As my second and final year in Thailand comes to an end I have been thinking a lot about how much has changed. I remember coming to Thailand eager and excited for the experience, but feeling entirely alone. I remember thinking that I would never be able to develop true friendships in a country and culture so vastly different from my own, especially considering the language barrier. Now, two years later, I am leaving Thailand as a sister, friend, and daughter.
One of the relationships that has changed the most, and that has had the biggest impact on me and my time here has been my relationship with Meh Lek.
When I first arrived in my village I arranged to rent a house Meh Lek owned next to the house she lived in with her two daughters, Al and Ear. Our houses are located in a family compound, along with her older sister, her niece, and a few other extended family members. Before I moved in Meh Lek fixed up the house by putting a new roof on, installing running water and a bathroom, and arranging for dishes, a hot plate, and a bed. I was incredibly grateful for everything she did, but I could tell I made her nervous and she didn't know what to think about me, while at the same time she felt responsible for me. The first night in my house she sent her oldest daughter over to cook dinner and eat with me. This dinner time arrangement continued for weeks, and made me uncomfortable because I knew Meh Lek and her younger daughter were eating right next door. Meh Lek was always very polite and friendly to me, but we were still strangers.
One year later I would often come home from work and find Meh Lek sleeping in my hammock or chatting on the phone on my porch. For dinner I would often make something at my house and bring it over to her house to eat with her and her daughters. Most of the time no one actually liked the food I brought, but they would pretend just to be polite. After dinner I would wash the dishes with my host sisters. When I broke a dish, which was a common occurrence (my excuse is that the soap is super slippery here), Meh Lek would wave her hand in the air and with a smile on her face say mai bpen rai. If Al and Eah weren't home I would usually eat alone at home and Meh Lek would do the same. During cold season she would offer me her bathroom to take showers in since the water at my house is freezing, but I always declined, not wanting to impose and instead chose to boil water at my house and take a bucket bath.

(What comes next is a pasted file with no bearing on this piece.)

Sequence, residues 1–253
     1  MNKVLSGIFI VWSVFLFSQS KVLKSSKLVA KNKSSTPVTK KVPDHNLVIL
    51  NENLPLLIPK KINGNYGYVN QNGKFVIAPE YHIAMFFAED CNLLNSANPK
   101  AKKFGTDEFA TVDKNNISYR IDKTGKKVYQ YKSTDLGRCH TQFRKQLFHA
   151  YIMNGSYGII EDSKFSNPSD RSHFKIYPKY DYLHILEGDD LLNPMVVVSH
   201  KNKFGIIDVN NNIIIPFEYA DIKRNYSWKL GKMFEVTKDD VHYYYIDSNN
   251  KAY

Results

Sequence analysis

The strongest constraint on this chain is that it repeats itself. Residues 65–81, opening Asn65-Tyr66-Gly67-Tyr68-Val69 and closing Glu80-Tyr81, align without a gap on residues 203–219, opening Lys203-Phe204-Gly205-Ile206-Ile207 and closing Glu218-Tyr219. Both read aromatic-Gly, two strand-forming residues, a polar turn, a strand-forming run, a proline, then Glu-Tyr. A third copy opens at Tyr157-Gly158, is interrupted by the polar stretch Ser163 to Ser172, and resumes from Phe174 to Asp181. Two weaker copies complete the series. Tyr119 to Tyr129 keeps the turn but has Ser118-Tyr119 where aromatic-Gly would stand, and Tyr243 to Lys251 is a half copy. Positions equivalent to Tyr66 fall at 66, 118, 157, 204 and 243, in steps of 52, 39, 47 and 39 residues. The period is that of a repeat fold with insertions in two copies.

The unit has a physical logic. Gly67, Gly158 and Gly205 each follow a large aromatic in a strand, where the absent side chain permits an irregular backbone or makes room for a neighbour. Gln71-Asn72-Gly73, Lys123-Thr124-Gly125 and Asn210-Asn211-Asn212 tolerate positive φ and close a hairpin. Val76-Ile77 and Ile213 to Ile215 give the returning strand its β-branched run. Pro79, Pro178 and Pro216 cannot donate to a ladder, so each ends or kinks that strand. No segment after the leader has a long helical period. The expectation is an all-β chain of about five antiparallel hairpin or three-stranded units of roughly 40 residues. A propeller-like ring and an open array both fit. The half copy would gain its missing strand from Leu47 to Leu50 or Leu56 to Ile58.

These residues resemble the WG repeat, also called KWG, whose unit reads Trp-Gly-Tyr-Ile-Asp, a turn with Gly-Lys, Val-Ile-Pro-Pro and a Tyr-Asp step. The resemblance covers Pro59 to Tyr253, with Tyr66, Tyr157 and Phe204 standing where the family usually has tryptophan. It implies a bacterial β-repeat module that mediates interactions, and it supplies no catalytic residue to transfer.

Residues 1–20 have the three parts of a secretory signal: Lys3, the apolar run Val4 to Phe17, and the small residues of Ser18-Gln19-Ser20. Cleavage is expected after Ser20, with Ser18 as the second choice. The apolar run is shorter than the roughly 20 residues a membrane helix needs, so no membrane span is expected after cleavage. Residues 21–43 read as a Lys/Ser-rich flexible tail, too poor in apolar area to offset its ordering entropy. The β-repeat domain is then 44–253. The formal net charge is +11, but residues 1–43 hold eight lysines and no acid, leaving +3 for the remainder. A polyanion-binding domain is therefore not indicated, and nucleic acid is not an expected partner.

Two years later I am nearly always found at Meh Lek's house. Often I'm there before she or her daughters get home from work and am chopping up chilies in the kitchen and starting to cook dinner. We cook together nearly every night, whether or not her daughters are home. When I cook something that isn't exactly delicious, no one pretends to like it. Instead they laugh, making faces and telling me how terrible it is. Sometimes we argue about nothing. She gets annoyed when I forget to water the garden. She nearly always laughs at me when I do something stupid, but calls me daily when I am away from home. She has a running tally of how many dishes I have broken, and holds this over my head on a regular basis. I shower at her house after dinner, and have my own spot on the towel rack and an area to hang my clothes. Every evening we sit down together and she watches TV while I read. We have evenings of companionable, comfortable silence and evenings when we talk non-stop in a mix of Northern Thai, Central Thai, and hand gestures. Lately, when I go home at night she asks why I am leaving so early and invites me to sleep over. On a nearly daily basis she mentions how soon I am leaving and asks me if I will miss her. On weekends she forces me to pluck gray hairs from her head. She asks me what time I wake up and calls me lazy if it was past 7am, even though she already knows what time I woke up because she checks to see what time I turn the light off outside my house. After work I sometimes find her napping in my house on the cool tile floor with her phone charging next to her. We go for runs a few evenings a week and I drag her along when she gets tired, telling her to su su. I take her blood pressure once a week and get angry at her for the amount of salt and oil she eats. She has hosted my friends and family, comforted me when I'm sick, and made my favorite foods when I'm feeling down. When people ask her who I am, she calls me her daughter.
Her daughters are my sisters, and it definitely shows when we are alone together. We get into arguments about whose turn it is to do the dishes and who gets to shower first during cold season. I call them lazy for never helping Meh Lek cook. We joke with each other about boyfriends, and pick on Ear for her love of Korean popstars. They laugh at my clumsiness. Al stayed in the hospital with me for three days when I was sick. On March 16th, the day before I leave my village, Al is getting married and she has asked me to be her puan-jao-sao, or maid of honor. They moved the date of the wedding up just so I could be there.
Without this family my time here would have been an entirely different experience. We went from acquaintances, to good friends, to family.
The only picture I have of all of us together. Meh Lek, Meh Oui-Lum, Ear, me, Al.
Meh Lek and I at the Chiang Rai Flower Festival in December, 2012.
Ear and Meh, December 2012.
Al and I on one of our many weekend trips.
Meh Lek tying string on my wrist during a blessing ceremony at my house, January, 2013.
Dinner time. Pretty sure she is yelling at me for taking this picture.
One of the many afternoons I came home and found her asleep in my hammock.
A typical evening.
Meh Lek making dinner and laughing at me.